4. Repeat Step 1-3 while considering their ideal experience with online shopping ads 

  Sorted piles for current ad experience   

Ideal ad experience

Outcome: 4 adjectives describing participants’ current ad experiences: Familiar, Busy, Relevant, Simple; 3 adjectives describing participants’ ideal ad experiences: Ethical, Trustworthy, Eye-catching.

Insight 1: Relevant vs. creepy ads are distinguished by being shown exact tracking of past browsing history vs. new relevant information.

Personalized new information is good, exact tracking of viewing history is creepy.
Recommendation: Bring awareness to new items relevant to past preferences instead of immediately advertise the exact product/service previously searched.

Insight 2: Company values and ethical practices matter!

Company practices and values affect user behavior, e.g. honesty and ethical values.
Recommendation: Present objective points (e.g. price, use cases, quick demos) and show honest representations of the product/service.

Insight 3: People have varying preferences for visual presentations/ad creatives.

Some prefer ads that are concise and to-the-point, some prefer ones that are fun and enjoyable.

Recommendation: Explore the idea of targeting based on ad creative. Since there’s no clear consensus on what a good ad looks like, why not present them based on people’s aesthetic preferences?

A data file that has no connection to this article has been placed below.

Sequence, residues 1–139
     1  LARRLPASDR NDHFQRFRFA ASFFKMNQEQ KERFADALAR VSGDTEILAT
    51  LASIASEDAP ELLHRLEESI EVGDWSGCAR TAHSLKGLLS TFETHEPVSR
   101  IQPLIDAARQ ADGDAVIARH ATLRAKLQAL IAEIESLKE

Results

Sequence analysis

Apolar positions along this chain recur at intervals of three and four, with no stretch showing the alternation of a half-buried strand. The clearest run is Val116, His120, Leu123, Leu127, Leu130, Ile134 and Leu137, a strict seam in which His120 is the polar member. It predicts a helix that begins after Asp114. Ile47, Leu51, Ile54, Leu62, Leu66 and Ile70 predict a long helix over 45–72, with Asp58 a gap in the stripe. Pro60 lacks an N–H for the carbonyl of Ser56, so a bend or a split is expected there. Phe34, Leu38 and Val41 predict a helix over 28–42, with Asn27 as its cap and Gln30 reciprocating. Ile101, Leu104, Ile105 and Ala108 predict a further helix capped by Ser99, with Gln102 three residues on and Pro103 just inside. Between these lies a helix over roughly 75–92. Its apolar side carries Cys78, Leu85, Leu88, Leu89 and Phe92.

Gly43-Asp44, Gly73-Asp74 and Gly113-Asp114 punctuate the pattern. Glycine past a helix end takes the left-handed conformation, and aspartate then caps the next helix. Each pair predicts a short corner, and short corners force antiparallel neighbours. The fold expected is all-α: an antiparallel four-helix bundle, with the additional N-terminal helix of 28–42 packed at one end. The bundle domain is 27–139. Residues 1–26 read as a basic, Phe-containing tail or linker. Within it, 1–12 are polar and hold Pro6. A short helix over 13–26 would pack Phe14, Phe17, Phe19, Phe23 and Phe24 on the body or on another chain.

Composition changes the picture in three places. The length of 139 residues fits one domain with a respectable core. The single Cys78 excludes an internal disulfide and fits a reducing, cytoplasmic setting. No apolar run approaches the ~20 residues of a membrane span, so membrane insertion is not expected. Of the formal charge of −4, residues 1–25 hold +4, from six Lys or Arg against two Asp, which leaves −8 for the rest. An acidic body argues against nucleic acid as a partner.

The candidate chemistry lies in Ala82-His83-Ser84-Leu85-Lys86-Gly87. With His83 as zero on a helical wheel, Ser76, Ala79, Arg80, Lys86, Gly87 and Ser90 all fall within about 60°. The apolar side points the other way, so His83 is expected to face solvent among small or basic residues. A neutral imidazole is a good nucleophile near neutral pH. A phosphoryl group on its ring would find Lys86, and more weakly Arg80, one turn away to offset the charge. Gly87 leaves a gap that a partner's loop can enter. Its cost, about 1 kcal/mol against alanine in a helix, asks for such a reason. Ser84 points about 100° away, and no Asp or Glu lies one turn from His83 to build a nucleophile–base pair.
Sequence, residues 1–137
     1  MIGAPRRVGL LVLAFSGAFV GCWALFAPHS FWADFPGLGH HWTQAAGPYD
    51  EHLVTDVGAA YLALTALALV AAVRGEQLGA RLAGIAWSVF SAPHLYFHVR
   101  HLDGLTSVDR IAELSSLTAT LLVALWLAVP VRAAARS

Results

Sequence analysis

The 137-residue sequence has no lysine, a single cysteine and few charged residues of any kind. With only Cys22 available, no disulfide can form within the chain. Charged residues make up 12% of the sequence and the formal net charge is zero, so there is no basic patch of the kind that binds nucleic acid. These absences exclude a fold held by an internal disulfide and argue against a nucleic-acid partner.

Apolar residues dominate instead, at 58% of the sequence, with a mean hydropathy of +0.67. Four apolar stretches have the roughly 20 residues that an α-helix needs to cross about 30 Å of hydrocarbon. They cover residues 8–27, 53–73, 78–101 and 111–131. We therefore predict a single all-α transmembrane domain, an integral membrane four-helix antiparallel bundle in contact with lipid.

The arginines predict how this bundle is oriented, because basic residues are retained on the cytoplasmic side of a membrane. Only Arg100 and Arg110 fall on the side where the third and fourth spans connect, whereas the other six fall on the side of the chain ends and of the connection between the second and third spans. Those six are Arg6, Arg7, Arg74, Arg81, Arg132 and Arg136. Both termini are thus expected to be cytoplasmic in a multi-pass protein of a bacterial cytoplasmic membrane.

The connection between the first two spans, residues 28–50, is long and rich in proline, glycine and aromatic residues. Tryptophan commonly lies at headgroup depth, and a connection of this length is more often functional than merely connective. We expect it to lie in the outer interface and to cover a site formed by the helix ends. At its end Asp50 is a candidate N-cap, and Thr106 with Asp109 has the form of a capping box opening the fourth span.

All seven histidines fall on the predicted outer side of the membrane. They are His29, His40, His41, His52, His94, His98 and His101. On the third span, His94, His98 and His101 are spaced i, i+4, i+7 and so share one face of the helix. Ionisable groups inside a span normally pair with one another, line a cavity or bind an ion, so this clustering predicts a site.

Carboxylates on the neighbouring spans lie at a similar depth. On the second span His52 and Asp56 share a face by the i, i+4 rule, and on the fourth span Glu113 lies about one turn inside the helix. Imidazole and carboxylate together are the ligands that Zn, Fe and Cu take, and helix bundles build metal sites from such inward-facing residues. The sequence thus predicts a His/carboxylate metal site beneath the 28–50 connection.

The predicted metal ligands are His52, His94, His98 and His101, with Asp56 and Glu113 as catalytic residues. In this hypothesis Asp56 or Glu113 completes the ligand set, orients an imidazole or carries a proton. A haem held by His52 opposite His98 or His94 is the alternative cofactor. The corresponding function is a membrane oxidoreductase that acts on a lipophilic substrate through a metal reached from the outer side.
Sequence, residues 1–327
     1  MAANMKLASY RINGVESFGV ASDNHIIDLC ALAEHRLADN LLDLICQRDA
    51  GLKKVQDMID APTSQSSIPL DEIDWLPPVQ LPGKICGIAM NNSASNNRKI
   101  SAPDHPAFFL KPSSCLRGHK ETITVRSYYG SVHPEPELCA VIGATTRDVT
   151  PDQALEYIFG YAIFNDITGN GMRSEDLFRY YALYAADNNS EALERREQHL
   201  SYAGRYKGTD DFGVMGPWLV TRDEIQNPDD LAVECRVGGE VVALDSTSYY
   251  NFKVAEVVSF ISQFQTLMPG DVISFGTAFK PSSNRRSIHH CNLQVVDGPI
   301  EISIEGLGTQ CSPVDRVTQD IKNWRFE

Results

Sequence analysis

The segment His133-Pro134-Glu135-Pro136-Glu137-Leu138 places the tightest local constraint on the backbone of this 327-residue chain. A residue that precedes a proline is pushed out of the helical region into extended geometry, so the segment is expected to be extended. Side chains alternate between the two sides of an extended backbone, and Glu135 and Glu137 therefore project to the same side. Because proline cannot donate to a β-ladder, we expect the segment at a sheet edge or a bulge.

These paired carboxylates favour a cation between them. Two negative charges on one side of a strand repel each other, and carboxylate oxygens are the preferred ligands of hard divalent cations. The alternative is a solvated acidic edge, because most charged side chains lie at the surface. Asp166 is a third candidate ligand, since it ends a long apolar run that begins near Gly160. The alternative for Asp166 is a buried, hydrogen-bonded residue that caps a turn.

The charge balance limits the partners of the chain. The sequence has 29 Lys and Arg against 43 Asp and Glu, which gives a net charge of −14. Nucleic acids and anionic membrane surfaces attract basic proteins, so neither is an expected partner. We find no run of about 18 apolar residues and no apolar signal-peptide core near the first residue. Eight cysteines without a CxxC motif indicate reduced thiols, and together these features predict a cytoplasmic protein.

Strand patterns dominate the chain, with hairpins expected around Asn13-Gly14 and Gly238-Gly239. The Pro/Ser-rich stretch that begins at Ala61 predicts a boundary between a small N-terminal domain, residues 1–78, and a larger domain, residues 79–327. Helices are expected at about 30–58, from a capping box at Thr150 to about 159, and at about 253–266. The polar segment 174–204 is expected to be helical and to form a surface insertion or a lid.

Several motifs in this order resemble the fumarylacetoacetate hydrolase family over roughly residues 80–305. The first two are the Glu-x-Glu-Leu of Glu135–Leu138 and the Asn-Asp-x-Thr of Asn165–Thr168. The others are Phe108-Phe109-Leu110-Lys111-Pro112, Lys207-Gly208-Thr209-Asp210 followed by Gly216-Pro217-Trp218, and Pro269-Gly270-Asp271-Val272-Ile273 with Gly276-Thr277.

Clear Intentions

I enjoyed conducting foundational research because we have more freedom to reframe the question and dig deep into nuanced behaviors and preferences from a holistic perspective.

I also enjoyed the process of selecting research methods that would complement each other, orchestrating the order of each study, and drafting formal protocols and reports for not only the class but also our client. This allowed me to really compare the pros and cons of each method, plan for the type of responses I’m hoping to collect and how I’d like to analyze them, and overall being very intentional about choosing when and what to use.

If I were to do it again, I’d try to recruit from a more diverse pool of participants with different demographics at different levels of tech-savviness to get more diverse insights. I would also conduct a pilot of the diary study and card sort to iron out the details before formally launching.